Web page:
Wednesday, May 28, 2014
Ronee Blakley in Nashville
Among the kaleidoscope of players in Altman's crowded (in a good way) narrative, many argue that Blakley's Barbara Jean is the central figure of the film. Barbara Jean is the current sweetheart of country music (at least partially based on Loretta Lynn), who is returning to Nashville after suffering a "burn accident", hinted to be a cover for something a little more psychological in nature. The rest of the characters sort of orbits around her, with essentially everyone coming into contact with her at some point, even if just in passing. However, as central as Barbara Jean's presence is to the narrative, I wouldn't categorize this as a lead performance simply because Blakley has such a fleeting, ethereal presence even in her big moments, and the entire character feels like such an tragic chess piece in a larger game that is both Nashville (the film) and Nashville (the city/country music scene).
If there is a driving quality in Blakley's performance it's a transparent and vulnerable sincerity--everything about Barbara Jean is so thoroughly earnest no matter how much she tries otherwise. From the first moment she appears onscreen, wearing a flowy white dress and a pink ribbon in her hair, she wins over the crowds waiting to greet her with a simple sweetness and true star power. Barbara Jean is purposefully dressed as angelically as possible, and the innocence constantly on display is what makes the eventual trajectory of this performance so impossibly moving. We watch in horror as Blakley peels back the layers of Barbara Jean's innocence and unveils the unbelievable toll stardom takes on those graced with possessing it. There's a loss of self apparent in all of her non-singing scenes, where we watch as she struggles with consolidating the commercial enterprise her husband has morphed her into and the very real root of where she comes from. Everything about her life has been so thought out and orchestrated without her input, that it's reached the point of Barbara Jean barely even existing anymore as an individual entity.
Blakely conveys this all with a very raw, amateurish acting style that highlights just how far gone Barbara Jean is and how deeply she seems to be fighting to get that back, only to meet resistance and push back from her husband and those around her. Each and every time Barbara Jean is in public she puts on the mask of the country sweetheart, sincerely shaking hands and showing interest in all those around her expertly like a trained show horse. But the cracks inevitably begin to show and Blakley's demeanor becomes more cloudy and even childish, and we watch Barbara Jean experience a mental breakdown wherein she becomes scatterbrained and fragile. This happens only twice in the film, once in a hospital scene with her husband and once on stage. Still, these two moments cut deeply and put you on pins and needles for the rest of her performance waiting for the other shoe to drop. Blakely often goes big in these moments, but thankfully not so big as to lose the emotion of the moments. Once again the rawness of Blakely as an actress comes in handy in these moments, as her freshness as an actress and lack of trained artifice enhances the power of these scenes, where a more experienced actress might approach it with a well-honed style and mannerisms all their own.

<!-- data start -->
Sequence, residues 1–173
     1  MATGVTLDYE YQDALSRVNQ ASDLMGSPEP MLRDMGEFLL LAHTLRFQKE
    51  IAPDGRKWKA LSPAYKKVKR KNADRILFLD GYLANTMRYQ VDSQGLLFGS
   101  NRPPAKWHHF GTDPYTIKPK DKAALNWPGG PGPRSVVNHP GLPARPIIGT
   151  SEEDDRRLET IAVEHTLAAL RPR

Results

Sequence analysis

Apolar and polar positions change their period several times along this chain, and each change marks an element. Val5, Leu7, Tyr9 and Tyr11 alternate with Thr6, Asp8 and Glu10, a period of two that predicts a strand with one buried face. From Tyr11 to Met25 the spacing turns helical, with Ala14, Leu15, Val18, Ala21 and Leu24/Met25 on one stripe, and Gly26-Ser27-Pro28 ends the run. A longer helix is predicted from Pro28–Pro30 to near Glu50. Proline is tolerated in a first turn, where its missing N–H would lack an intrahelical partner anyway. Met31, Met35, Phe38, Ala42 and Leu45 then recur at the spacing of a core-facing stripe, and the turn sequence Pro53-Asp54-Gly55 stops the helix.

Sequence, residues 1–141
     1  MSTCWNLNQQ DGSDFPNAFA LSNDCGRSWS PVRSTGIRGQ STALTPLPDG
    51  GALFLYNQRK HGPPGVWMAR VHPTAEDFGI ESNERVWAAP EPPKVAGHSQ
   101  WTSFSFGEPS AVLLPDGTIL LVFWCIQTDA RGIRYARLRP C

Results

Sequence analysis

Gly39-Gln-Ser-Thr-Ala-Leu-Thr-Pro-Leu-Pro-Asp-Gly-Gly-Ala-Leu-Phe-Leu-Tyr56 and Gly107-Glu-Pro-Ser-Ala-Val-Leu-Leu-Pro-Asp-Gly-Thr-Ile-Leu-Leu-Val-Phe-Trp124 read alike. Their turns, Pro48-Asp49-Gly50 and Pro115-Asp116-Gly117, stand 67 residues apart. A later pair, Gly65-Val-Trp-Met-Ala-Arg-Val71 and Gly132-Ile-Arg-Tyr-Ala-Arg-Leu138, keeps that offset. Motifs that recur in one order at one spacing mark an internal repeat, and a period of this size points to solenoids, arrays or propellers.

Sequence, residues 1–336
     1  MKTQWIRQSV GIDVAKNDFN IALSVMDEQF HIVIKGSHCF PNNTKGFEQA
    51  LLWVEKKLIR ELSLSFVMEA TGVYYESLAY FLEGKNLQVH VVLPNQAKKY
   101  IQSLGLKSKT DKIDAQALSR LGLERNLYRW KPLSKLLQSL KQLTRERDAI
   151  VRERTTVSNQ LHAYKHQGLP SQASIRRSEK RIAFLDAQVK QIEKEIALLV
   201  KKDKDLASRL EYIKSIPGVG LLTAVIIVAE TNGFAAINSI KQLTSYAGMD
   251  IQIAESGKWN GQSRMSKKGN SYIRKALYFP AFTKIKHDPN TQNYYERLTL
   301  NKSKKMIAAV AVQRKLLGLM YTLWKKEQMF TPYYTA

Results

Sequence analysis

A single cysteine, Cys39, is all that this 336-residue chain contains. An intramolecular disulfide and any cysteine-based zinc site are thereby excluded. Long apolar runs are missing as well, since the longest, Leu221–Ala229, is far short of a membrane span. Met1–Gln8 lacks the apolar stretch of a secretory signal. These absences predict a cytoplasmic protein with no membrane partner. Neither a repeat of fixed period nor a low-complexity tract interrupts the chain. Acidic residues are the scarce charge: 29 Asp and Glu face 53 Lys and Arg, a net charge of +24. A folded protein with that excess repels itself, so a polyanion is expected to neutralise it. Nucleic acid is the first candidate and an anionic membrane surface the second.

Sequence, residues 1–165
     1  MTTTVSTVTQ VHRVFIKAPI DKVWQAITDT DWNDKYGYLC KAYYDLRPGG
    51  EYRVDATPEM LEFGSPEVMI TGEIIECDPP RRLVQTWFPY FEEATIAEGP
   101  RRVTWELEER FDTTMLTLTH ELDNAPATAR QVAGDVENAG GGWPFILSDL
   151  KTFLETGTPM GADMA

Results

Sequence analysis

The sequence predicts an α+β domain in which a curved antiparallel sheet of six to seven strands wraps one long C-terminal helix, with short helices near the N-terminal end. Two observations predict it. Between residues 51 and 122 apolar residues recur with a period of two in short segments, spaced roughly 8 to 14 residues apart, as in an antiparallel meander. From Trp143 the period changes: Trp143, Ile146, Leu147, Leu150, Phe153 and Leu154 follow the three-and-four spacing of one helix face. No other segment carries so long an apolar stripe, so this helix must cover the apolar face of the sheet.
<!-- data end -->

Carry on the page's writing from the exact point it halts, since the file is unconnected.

All of Blakley's acting moments rang mostly true for me, but where the performance really elevates to greatness is in the moments in which Barbara Jean performs on stage. Her musical numbers are among the most moving and heartbreaking I've ever seen, and that's all due to the powerful voice and Blakely's acting ability during these performances. She has four separate songs, each sung beautifully with her deep husky tone and all but one written by Blakley herself. Two in particular stand out as important, powerhouse moments in this performance. The first is "Dues", a song in which Blakley sings about a broken marriage, which we can clearly link back to her shattered marriage to her controlling husband It's an absolutely heartbreaking song, performed with such authentic emotional both in her vocals and acting. The conflicted emotions on display are utterly bare for the world to see. The other important song is at the climax of the film, where she sings "My Idaho Home" all about her roots and family back home. We see the origins of Barbara Jean's musical talent before she became corrupted by stardom and the industry. This the primary effect all of her songs have--we see the real Barbara Jean come out most prominently in her songs, filled with emotion and history, only for her to disappear when they are over. The depth of emotion poured into each song is staggering, and undoubtedly it helps that Blakely wrote these songs herself--there's a tangible personal attachment to each.
Over the course of what amounts of only a few brief scenes and five gorgeous musical numbers, Ronee Blakley gives an epic performance of a woman broken down by the music industry, so much so that just about all that is left is a blank, earnest sincerity. The raw amateurishness of her acting style imbues this ethereal, fleeting shell of a woman with directness and an open vulnerability. Her contributions as a songwriter cannot be overlooked--as without those gorgeous songs her character would merely be a tragic cipher, as they add so much rich context and history to her performance that comes with personal experience and passion. This is an utterly unique performance, mixing over the top breakdowns, glassy blankness, and deeply felt pathos with a musicality that somehow ends up working to beautiful effect. 5/5 Thelmas.